An Open Letter To the 129th Ohio General Assembly In Support Of Planned Parenthood:
I was a patient of Planned Parenthood as a young woman in Chicago in the mid-1970s. I was underemployed, and, although I had health insurance through my employer, women's preventive health care either was excluded from coverage or was applied toward a hefty major medical deductible. Turning to Planned Parenthood meant that I could get my annual Pap test and pelvic exam done for a modest fee. There were basic lab tests and other educational services at the clinic if I wanted them. Nobody forced me to do anything I did not want or need. Subsequently, I went on to better jobs, but I will never forget that Planned Parenthood was there for me when I was young, underemployed, and I needed that annual check-up (Compare: http://www.npr.org/2012/03/28/149473236/texas-feds-face-off-over-planned-parenthood).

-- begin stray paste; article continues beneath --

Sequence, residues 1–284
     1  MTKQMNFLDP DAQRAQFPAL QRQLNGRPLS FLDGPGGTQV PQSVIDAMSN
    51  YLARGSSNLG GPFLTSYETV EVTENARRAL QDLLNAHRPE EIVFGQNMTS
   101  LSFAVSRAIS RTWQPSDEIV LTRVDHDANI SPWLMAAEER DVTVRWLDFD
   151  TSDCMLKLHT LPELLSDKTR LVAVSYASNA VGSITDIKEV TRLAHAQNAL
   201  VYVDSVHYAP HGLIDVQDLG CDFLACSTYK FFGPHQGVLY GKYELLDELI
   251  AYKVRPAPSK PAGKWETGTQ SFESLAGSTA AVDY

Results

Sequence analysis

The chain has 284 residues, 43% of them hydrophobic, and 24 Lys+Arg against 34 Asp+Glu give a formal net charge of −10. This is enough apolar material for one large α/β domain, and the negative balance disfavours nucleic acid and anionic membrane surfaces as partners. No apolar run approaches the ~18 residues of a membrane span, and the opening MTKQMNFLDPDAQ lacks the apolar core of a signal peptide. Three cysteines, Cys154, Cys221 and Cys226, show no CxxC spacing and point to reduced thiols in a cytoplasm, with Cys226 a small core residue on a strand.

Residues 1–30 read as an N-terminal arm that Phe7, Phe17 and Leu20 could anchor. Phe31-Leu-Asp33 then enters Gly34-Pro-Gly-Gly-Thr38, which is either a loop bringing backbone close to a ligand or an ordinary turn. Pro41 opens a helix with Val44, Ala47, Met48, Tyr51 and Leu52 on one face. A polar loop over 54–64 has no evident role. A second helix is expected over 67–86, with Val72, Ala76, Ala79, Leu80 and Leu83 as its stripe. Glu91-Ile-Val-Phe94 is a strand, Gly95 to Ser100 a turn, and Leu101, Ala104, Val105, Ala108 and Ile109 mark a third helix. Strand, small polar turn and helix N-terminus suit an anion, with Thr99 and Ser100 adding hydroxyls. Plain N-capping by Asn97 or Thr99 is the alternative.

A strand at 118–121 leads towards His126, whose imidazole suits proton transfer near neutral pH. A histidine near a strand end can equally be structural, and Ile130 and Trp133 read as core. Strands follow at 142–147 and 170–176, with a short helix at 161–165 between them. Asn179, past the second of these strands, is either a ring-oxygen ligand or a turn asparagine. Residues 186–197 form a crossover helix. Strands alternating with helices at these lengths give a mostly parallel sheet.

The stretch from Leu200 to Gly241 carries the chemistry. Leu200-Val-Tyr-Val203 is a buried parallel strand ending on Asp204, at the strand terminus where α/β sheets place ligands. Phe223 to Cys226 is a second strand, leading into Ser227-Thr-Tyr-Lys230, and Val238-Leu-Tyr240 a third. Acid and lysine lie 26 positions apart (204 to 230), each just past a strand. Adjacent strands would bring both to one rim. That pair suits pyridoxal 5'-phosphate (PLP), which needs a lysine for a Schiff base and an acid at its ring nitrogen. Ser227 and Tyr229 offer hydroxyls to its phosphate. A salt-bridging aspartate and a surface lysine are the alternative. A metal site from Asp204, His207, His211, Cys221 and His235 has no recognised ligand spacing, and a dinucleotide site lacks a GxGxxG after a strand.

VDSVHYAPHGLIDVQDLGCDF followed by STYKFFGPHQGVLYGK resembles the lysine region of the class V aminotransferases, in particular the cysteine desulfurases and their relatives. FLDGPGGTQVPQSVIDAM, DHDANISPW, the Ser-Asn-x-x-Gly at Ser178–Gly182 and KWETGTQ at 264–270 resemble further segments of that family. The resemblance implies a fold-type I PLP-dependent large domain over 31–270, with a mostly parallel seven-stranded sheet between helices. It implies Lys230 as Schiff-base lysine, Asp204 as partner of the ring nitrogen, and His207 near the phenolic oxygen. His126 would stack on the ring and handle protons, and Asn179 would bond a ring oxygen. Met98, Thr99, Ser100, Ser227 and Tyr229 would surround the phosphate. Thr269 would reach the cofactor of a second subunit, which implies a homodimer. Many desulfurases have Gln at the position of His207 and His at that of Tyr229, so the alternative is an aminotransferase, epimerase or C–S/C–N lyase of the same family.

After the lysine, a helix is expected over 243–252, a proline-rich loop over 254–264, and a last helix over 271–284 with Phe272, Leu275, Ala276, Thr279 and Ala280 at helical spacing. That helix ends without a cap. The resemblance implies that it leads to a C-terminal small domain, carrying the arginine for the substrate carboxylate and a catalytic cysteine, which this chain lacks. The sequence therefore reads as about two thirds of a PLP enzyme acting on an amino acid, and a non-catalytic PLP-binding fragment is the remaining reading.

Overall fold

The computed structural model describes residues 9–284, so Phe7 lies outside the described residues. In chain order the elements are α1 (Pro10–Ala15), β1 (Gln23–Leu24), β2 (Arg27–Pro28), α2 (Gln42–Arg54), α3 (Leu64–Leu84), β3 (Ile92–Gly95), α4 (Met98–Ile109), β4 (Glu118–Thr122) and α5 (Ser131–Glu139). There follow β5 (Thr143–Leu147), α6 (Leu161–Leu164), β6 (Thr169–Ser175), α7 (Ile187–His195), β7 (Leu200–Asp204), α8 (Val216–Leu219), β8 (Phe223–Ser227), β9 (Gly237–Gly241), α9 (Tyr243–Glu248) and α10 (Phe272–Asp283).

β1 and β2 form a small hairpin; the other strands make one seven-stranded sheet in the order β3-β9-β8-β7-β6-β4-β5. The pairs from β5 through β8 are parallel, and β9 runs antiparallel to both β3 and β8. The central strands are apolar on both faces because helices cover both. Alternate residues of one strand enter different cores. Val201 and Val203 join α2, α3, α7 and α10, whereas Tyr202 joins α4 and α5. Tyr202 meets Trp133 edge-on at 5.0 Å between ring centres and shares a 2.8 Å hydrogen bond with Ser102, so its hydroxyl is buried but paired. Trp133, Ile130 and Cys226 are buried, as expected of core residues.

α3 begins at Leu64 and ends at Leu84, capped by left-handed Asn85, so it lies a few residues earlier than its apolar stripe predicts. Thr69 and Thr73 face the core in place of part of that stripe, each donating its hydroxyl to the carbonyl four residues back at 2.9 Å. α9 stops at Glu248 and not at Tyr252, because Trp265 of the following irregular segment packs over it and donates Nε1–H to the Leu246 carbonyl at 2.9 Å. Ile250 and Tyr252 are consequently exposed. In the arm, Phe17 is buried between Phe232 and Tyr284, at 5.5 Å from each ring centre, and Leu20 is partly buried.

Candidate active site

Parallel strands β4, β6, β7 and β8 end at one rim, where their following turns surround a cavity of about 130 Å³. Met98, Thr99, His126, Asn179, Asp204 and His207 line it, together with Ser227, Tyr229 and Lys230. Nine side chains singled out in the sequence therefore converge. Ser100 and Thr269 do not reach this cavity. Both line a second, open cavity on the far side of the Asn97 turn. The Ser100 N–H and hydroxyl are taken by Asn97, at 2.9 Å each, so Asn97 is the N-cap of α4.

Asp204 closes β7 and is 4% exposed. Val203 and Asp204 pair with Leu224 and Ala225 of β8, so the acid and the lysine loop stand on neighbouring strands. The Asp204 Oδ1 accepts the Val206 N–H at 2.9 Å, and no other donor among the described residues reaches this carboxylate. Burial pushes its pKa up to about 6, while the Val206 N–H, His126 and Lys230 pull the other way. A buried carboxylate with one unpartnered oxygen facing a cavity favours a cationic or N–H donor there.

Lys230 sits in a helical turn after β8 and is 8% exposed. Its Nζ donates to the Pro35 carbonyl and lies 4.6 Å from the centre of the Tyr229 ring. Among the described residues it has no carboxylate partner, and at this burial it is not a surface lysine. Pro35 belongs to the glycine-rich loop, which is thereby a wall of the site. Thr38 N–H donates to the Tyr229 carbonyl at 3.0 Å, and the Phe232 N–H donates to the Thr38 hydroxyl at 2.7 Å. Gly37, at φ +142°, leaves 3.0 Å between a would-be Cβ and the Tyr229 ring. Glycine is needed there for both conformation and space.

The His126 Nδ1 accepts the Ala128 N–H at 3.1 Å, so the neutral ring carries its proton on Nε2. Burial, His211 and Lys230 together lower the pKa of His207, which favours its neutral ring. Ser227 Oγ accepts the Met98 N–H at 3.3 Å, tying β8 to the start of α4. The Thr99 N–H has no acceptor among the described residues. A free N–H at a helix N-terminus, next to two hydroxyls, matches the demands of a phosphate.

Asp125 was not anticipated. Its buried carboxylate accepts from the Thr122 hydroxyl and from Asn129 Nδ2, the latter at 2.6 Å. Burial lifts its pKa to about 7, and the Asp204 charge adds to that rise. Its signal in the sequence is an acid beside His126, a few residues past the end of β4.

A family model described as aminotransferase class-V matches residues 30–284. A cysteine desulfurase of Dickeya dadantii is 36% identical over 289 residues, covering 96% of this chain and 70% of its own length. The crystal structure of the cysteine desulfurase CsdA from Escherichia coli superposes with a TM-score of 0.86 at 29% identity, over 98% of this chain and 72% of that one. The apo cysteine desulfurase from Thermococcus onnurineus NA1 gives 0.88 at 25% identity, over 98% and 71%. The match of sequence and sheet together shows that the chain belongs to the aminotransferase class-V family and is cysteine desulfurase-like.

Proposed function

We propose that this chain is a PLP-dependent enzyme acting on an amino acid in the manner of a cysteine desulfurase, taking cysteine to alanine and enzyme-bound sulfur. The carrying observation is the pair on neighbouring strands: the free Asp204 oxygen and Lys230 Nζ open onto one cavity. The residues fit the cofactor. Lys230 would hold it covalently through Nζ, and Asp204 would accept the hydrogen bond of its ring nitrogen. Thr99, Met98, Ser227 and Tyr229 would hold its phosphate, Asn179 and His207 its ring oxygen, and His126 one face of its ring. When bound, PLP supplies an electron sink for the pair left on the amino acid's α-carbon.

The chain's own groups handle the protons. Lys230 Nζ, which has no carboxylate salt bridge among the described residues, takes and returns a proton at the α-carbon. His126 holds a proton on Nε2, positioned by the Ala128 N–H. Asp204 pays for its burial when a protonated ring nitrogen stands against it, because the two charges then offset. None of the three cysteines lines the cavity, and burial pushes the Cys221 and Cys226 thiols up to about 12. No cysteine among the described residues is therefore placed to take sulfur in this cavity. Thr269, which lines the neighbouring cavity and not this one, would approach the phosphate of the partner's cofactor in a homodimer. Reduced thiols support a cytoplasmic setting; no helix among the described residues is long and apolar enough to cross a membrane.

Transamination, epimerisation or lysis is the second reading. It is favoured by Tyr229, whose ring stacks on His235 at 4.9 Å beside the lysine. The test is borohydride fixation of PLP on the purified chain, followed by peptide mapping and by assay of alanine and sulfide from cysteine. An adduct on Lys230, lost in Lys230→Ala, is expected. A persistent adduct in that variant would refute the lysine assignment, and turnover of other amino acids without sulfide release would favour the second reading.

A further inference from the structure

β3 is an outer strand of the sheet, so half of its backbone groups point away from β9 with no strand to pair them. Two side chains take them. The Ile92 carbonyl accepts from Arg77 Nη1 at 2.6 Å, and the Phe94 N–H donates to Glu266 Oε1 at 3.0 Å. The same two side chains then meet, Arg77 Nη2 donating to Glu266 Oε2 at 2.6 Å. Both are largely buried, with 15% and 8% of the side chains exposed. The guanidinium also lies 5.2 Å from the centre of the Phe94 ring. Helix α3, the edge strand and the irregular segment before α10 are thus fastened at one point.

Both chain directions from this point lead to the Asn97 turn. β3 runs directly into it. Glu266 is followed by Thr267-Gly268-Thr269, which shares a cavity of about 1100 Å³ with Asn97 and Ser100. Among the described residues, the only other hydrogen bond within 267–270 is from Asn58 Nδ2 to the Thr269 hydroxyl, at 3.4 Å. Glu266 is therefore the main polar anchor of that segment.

Several years later, I went to work in a leukemia and immunogenetics research group of the German Research Society (Special Research Area 120) in Tuebingen (1983-1987). There I learned what it means to live and work in a foreign country that has instituted universal health insurance for all its citizens and legal residents. For well over a century, no patient who needs medical care must go without it for lack of affordable health insurance in Germany.
Some years after that, I went to work in the Clinical Transplant Laboratory in the Surgery Department of the University of Chicago Hospitals (1992-1999). There I performed clinical tissue crossmatches for both cadaveric and living-related solid organ transplantation. I will never forget that night on call duty when I had to pick apart the lymph nodes of a three-year-old toddler. The child had been sitting on his own front stoop on a summer afternoon when he was killed by a gunshot wound to the head in gangbanger crossfire. So, I can tell you how it feels to work under pressure at a laminar air-flow hood and to flick those Terasaki plates and to power up that flow cytometer even as your heart goes out to a grieving mother.